While the average labor conflict is just about money, and occasionally about narrowly-defined working conditions, something remarkable is going on at the European Patent Office (EPO). An ongoing strike and related demonstrations are meant to "underline staff's claims to respect of the Rule of Law, Freedom of Association and to good faith negotiation of ongoing reforms."
There are reasonably credible complaints about the current EPO president ruling with an iron fist and denying affected staff representatives, after being fired for defending the rights of others, access to justice for the next ten years. I heard a horrible story of a French EPO examiner who (based on what I heard) committed no wrongdoing other than being active in the Staff Union of the European Patent Office (SUEPO) and was "suspended" for that reason. Payments to him (a father of three if my sources are right) were frozen with immediate effect--at least significant parts of his salary. This would be unthinkable in Europe, where workers' rights are reasonably strong, including in Germany, where this incident occurred, if the EPO didn't enjoy "immunity" by virtue of being an international organization. It's an autocracy that operates its own internal jurisprudence, and it appears that EPO employees currently don't have (at least not in practical terms) access to a reasonably swift adjudication of labor disputes. The only recourse they have against the EPO's president is the International Labor Organization's Administrative Tribunal, which is so clogged it takes about ten years to reach a decision (counting from the filing of a complaint).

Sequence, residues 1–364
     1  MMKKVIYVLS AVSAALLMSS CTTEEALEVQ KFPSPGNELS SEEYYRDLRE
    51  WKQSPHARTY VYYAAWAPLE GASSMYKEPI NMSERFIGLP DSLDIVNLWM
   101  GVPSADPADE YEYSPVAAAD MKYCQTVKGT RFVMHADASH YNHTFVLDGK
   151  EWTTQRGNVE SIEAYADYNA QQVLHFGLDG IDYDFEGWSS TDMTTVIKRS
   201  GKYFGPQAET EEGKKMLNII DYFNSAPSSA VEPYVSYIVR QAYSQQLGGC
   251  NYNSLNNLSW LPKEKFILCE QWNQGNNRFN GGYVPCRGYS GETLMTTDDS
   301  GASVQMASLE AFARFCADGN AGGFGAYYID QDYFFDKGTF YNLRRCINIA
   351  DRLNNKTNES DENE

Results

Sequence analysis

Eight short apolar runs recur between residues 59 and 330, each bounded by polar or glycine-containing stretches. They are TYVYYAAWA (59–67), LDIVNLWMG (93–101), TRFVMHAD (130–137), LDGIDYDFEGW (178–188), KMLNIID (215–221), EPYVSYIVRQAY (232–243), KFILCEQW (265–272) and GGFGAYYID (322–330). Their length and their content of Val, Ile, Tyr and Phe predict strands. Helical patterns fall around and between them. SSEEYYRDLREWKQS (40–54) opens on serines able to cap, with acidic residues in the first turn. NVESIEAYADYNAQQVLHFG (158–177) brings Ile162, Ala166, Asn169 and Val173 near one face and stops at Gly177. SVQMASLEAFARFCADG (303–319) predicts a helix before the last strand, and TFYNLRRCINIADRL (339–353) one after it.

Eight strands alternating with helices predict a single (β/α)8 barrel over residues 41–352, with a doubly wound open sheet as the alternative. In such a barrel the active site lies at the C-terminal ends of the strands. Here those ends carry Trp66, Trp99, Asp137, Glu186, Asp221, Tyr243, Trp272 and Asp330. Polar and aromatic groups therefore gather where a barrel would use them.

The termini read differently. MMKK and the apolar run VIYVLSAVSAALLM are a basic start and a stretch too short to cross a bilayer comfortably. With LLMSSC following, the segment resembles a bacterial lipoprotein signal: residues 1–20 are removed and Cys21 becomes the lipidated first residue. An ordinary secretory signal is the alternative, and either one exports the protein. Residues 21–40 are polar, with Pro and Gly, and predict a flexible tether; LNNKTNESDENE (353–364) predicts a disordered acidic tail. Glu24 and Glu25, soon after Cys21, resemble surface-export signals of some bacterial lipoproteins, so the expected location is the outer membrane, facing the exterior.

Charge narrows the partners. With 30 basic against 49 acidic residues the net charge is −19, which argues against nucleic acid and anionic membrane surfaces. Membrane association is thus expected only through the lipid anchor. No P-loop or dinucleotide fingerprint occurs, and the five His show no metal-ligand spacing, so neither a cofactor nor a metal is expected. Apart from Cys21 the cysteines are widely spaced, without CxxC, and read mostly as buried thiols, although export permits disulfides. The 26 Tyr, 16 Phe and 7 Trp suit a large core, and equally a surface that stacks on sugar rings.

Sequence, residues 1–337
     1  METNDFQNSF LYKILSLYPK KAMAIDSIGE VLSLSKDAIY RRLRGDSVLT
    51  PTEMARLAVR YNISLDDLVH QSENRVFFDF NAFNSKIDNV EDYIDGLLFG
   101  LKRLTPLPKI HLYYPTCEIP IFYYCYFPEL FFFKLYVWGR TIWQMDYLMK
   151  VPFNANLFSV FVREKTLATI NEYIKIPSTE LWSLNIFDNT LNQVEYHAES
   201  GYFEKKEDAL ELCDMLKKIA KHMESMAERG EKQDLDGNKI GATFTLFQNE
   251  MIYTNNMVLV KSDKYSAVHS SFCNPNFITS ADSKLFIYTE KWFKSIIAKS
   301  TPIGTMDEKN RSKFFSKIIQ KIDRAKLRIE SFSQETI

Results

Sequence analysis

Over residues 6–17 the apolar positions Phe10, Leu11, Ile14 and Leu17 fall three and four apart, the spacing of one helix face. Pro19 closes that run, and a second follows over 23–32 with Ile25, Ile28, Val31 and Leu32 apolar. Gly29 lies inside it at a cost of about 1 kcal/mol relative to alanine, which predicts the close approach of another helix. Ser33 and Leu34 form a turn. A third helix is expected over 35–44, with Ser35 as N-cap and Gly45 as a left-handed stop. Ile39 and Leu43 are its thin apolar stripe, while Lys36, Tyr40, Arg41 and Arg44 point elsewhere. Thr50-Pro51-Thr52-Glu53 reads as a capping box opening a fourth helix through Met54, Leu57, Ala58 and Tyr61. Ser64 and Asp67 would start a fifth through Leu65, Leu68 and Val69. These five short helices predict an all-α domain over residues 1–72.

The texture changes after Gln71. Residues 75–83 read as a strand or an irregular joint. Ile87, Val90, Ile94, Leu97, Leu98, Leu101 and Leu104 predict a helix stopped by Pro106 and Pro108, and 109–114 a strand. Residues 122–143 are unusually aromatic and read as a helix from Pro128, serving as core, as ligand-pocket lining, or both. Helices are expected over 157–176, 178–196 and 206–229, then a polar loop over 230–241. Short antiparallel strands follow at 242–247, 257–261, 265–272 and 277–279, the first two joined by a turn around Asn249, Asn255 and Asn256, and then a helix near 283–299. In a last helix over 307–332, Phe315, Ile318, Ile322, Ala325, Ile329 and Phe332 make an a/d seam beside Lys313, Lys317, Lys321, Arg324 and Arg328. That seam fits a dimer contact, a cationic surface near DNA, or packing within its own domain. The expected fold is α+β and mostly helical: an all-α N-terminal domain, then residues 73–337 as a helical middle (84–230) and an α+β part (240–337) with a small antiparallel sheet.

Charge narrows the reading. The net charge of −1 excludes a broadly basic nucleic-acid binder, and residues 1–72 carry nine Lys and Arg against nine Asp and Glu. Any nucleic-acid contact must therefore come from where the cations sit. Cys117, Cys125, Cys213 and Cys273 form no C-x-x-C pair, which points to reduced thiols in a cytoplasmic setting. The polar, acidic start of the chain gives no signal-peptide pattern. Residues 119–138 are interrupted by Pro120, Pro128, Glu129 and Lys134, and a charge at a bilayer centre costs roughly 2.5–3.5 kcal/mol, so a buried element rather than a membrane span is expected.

Facing the risk of being left without some of their pay overnight and not having a realistic chance of reclaiming any of it in a decade, and having seen how someone else was escorted out of the building by security personnel before an announcement that he left "by mutual agreement," EPO staff is intimidated and allegedly subject to repression. Under these circumstances, the momentum behind the ongoing strike and the related protests is even more significant than it would normally be. Even the EPO itself acknowledges that, about two weeks ago, "2,538 staff representing 36.7% of the workforce" participated in the strike.
Recently 700 EPO employees took to the streets of Munich. That number was given by SUEPO, and a local newspaper, Süddeutsche Zeitung, also estimated a crowd of in the hundreds (German online article, German print article with English translation further below). Tomorrow (Tuesday), demonstrations will take place in front of the French and Danish embassies in The Hague in support of two EPO employees "facing disciplinary procedures for their work as staff representatives." One of those employees is French (at a recent protest, there were signs that said "Hands off Aurélien"), and the other Danish. The demonstrations additionally take place in front of those countries' embassies because the European Patent Organisation (which runs the EPO) is led by a Frenchman, its apparently-controversial president Benoît Battistelli , and a Dane, Administrative Council chairman Jesper Kongstad. More protest will be expressed today in the form of a march from one of the EPO buildings in Munich, the city in which more than half of its nearly 7,000 employees work, to the local Palace of Justice.